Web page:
Va. (State Police) investigates voter fraud

Source: Richmond Times-Dispatch

As Virginia legislators hotly debated a voter ID bill that narrowly passed the General Assembly, many were unaware of a state police investigation that, so far, has resulted in charges against 38 people statewide for voter fraud. Warrants have been obtained for a 39th person who can't be located.

A majority of those cases already have resulted in convictions, and 26 additional cases are still being actively investigated nearly 3˝ years after the state Board of Elections forwarded more than 400 voter and election fraud allegations from 62 cities and counties to Virginia State Police for individual investigation.

"If we have a widespread number of felons showing up to vote when they can't, then the voter ID law is not going to fix that," Del. Jennifer McClellan (D-Richmond) added.

"If someone tells someone that they can vote, and they believe it, and they present themselves and don't change their identity, then that might be a mistake," Sen. Henry L. Marsh III, (D-Richmond) said. "But that's not voter fraud in the sense that we were told that it existed."

Read more: http://www2.timesdispatch.com/news/news/2012/apr/22/tdmain01-va-investigates-voter-fraud-ar-1859666/

There were just under 3,000,000 votes cast in Virginia in 2008

--From link on the original story--
Fraud complaints

Voter fraud complaints investigated in Virginia from 2008 general election*

Still active 26

Unfounded 119

Closed with arrest 38

Inactive 1

Inactive WOF 1

Closed service 29

Prosecution declined 194

Total 408


Active: cases still under investigation

Unfounded: investigation reveals event did not occur

Closed with arrest: alleged offender has been arrested

Inactive: no investigative leads exist or all leads have been exhausted

Inactive WOF: case successfully concluded with a warrant on file, but no arrest because offender can't be located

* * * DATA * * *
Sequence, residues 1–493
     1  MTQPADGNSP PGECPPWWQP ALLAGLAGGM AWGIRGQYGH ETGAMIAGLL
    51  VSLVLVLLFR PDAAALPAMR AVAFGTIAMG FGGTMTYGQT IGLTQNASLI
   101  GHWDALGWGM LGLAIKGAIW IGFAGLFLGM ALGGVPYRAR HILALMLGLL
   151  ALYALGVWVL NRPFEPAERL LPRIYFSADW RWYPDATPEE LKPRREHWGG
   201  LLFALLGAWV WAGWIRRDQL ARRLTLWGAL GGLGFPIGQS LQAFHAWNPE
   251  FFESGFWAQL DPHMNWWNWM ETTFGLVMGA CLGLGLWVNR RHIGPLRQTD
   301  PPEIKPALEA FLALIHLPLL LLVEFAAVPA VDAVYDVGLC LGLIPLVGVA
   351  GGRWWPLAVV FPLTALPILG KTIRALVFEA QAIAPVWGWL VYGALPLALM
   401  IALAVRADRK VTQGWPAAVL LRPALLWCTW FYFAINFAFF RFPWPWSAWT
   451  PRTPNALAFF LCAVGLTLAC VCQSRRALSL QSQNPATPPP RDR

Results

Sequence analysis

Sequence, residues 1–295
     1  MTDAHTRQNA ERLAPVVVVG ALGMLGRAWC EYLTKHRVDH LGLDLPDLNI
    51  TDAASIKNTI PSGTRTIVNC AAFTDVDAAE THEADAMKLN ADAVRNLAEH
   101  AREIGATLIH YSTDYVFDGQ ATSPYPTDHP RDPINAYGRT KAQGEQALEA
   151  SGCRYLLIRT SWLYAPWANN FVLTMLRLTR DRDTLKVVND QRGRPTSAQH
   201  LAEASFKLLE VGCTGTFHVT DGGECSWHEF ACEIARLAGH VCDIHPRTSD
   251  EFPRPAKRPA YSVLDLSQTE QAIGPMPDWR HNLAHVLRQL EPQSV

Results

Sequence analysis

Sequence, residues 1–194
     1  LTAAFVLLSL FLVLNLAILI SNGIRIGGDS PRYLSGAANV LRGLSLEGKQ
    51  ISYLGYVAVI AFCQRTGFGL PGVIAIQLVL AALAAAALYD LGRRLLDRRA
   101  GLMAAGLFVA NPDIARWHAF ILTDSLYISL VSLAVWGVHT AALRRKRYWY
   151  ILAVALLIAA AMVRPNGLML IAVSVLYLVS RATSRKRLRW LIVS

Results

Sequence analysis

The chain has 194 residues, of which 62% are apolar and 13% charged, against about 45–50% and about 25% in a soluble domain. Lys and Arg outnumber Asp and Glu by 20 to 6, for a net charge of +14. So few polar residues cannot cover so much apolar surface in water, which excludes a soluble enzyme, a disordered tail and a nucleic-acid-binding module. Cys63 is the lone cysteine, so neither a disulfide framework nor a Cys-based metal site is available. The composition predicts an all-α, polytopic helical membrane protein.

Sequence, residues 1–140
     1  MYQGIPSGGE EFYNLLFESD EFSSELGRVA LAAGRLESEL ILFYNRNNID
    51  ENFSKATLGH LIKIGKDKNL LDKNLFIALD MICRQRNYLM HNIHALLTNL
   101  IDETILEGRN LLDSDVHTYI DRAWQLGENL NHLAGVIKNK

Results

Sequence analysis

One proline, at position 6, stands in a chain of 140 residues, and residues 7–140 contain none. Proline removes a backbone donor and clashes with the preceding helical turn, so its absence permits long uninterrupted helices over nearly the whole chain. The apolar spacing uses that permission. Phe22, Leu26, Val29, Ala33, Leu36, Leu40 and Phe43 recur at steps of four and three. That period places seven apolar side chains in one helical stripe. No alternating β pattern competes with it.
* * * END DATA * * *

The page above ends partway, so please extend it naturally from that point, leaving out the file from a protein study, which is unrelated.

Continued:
Closed service: inquiry incomplete with no further police action necessary

Prosecution declined: case where commonwealth's attorney declined prosecution


Chuck Colson

Colson authored the 1971 memo listing Nixon's major political opponents, later known as Nixon's Enemies List. A quip that "Colson would walk over his own grandmother if necessary" mutated into claims in news stories that Colson had boasted that he would run over his own grandmother to re-elect Nixon. In a February 13, 1973 conversation, Colson told Nixon that he had always had “a little prejudice.” Plotz reports that Colson sought to hire Teamsters thugs to beat up anti-war demonstrators. Colson also proposed firebombing the Brookings Institution and stealing politically damaging documents while firefighters put the fire out.

Colson's voice, from archives from April 1969, was heard in the 2004 movie Going Upriver deprecating the anti-war efforts of John Kerry. Colson's orders were to "destroy the young demagogue before he becomes another Ralph Nader." In a phone conversation with Nixon on April 28, 1971, Colson said, "This fellow Kerry that they had on last week...He turns out to be really quite a phony."

Watergate and Ellsberg scandals

Colson also became involved in the Committee to Re-elect the President (CRP or CREEP). At a CRP meeting on March 21, 1971, it was agreed to spend $250,000 on "intelligence gathering" on the Democratic Party. Colson and John Ehrlichman appointed E. Howard Hunt to the White House Special Operations Unit (the so-called "Plumbers") which had been organized to stop leaks in the Nixon administration. Hunt headed up the Plumbers' burglary of Pentagon Papers-leaker Daniel Ellsberg's psychiatrist's office in September 1971. The Pentagon Papers were military documents about the Vietnam War which helped increase opposition to the war. Colson hoped that revelations about Ellsberg could be used to discredit the anti-Vietnam War cause.